By Andrew Yamato
We recently profiled our good friend and new client Sean Crowley in a feature article for Riddle magazine. Here, the Brooklyn-based vintage menswear dealer explains in his own words how he came to be at the forefront of the classic menswear revival, and why he chose us to make his first made-to-measure suit.
Describe your sartorial aesthetic. What influenced or inspired it? How has it changed over the years?
I am a shameless Anglophile (surprise surprise) and my style from the beginning has been underpinned by traditional British aesthetics. I grew up on a steady diet of BBC costume dramas and period films, and even though I didn't fully understand what I was seeing at the time, I still knew from an early age that these clothes — whether it was 1750 or 1930 — felt right and had a weightiness and ceremony about them, and I knew I wanted somehow to be part of that world. Watching Jeeves and Wooster as a budding menswear nerd in middle school I had that aha moment when I knew that THIS was how I wanted to dress. Thankfully it's much easier to pull off a 1930s look in the modern world than a 1750s one!
In the heady days of middle school I was absolutely hell bent on an uncompromising conviction that sartorial elegance was English — i.e. not American. It was really only a decade later when I began my time at Ralph Lauren that I learned to love the Ivy/trad look, which is utterly American. My taste and style has evolved for sure, but I'd say it's been an evolution of discovery and adoption rather than "Oh god I can't believe I used to dress like that!"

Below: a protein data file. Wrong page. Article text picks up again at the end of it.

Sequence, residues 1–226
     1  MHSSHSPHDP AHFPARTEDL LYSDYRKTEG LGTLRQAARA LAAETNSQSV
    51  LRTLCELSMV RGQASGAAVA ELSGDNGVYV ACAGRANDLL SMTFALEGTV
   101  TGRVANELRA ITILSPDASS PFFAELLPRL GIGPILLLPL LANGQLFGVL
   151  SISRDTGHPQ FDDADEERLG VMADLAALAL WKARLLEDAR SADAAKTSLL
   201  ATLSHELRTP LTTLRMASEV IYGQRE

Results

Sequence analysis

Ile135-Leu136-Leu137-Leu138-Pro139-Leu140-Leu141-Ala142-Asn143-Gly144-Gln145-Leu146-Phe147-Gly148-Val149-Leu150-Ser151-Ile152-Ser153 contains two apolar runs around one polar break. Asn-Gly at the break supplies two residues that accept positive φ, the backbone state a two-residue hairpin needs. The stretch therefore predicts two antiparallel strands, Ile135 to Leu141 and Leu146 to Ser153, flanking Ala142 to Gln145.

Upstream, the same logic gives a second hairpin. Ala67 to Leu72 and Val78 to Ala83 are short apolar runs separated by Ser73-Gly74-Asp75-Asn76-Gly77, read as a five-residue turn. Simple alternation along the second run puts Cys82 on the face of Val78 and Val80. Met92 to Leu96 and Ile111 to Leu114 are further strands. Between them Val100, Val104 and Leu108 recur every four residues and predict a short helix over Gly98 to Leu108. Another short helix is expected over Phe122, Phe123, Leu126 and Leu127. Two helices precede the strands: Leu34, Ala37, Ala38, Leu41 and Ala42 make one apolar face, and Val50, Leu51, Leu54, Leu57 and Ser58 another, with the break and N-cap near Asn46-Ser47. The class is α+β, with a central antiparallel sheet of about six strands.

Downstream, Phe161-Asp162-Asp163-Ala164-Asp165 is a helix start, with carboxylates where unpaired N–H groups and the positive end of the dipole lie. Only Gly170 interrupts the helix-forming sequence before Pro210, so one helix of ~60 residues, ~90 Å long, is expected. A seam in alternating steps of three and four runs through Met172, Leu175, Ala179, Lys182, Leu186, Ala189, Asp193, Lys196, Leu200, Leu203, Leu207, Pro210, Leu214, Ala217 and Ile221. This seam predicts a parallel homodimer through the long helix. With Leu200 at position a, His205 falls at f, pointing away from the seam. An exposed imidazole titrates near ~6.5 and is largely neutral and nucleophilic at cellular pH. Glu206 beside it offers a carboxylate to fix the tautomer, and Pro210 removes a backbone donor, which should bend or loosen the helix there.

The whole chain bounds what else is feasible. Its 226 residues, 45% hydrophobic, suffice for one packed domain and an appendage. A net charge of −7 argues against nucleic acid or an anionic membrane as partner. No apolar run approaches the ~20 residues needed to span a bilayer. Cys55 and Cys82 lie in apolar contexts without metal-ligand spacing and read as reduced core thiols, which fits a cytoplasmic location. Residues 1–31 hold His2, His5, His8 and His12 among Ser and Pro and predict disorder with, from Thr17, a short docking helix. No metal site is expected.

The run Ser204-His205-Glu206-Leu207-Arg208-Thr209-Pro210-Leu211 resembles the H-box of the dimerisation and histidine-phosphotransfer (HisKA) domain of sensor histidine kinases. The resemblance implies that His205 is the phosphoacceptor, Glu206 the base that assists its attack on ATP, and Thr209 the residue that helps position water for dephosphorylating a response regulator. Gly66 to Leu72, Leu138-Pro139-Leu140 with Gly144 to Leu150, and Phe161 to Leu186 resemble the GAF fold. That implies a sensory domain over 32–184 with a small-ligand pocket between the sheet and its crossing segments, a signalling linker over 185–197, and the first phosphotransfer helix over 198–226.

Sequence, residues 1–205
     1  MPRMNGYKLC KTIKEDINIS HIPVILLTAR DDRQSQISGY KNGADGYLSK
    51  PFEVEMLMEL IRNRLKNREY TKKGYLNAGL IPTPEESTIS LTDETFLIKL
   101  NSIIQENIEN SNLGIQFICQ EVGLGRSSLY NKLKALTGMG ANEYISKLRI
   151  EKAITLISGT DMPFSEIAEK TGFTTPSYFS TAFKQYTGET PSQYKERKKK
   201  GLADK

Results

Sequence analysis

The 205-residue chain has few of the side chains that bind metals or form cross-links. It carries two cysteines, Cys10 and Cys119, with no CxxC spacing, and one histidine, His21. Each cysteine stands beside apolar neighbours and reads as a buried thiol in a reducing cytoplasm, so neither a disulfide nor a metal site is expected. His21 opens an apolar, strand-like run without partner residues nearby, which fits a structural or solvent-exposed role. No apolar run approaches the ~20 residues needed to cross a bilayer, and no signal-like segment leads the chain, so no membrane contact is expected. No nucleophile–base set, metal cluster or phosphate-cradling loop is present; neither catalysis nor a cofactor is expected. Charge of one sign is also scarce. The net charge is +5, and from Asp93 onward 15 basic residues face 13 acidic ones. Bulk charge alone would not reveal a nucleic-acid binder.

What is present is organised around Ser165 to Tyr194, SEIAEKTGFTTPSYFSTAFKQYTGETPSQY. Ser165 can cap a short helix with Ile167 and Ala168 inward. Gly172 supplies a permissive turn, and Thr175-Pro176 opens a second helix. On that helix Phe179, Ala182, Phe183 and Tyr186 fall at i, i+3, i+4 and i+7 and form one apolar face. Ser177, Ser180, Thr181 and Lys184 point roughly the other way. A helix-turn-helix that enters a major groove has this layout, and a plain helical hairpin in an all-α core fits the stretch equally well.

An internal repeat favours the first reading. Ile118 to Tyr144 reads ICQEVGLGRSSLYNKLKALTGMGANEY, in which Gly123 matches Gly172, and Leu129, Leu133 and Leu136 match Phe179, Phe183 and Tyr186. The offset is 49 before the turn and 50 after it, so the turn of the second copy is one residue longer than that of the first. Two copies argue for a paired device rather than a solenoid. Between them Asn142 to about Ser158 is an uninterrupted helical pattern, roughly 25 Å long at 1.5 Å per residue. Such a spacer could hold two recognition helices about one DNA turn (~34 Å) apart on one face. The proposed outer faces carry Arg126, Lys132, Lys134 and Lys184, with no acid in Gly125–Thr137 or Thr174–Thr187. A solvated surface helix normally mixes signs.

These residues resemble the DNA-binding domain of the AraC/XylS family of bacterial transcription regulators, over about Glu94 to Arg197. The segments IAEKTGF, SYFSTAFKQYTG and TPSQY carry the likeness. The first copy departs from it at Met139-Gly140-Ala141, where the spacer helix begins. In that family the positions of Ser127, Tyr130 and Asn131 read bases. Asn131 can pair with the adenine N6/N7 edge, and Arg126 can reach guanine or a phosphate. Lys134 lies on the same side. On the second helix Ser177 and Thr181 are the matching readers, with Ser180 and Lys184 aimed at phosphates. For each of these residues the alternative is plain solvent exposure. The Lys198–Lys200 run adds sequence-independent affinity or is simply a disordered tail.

What is it you find so compelling about clothing from the past?
Oh god — that's a big one. I grew up in a house and in a family that treasured old things. Partly this was nostalgia and collecting for its own sake, but it also included an aspect of continuity. I guess an example would be that we used things like an antique boot jack, old kitchen crockery or antique furniture out of utility; if it ain't broke, don't fix it. There's an element of "ain't broke" with old clothing, but as with any good old object, there's a wonderful weight that time and loving use impart on things. Some people might say "You know the person that first owned that coat is dead now, right?" but that doesn't even factor in for me. For me it's about this thing that was so well made and so loved that it's lasted 80 or 100 years (or more!) and while in my possession I try to be a good steward and take care of it so it might have a life after me.
How would you respond to those who dismiss vintage clothing as costumey, or otherwise not to be taken seriously?
Certainly vintage clothing can be costumey. It's all a question of how it's worn. I guess I think of the steam punk aesthetic as example of cosplay silliness. My style is everyday for me rather than "fancy dress". Now having said that, I know people who dress very theatrically every day and look amazing and I love it for them. I say as long as it's done well it doesn't matter. Just please no goggles on top hats!
What was the reason you initially came to Alan Flusser Custom? What do you think our name stands for?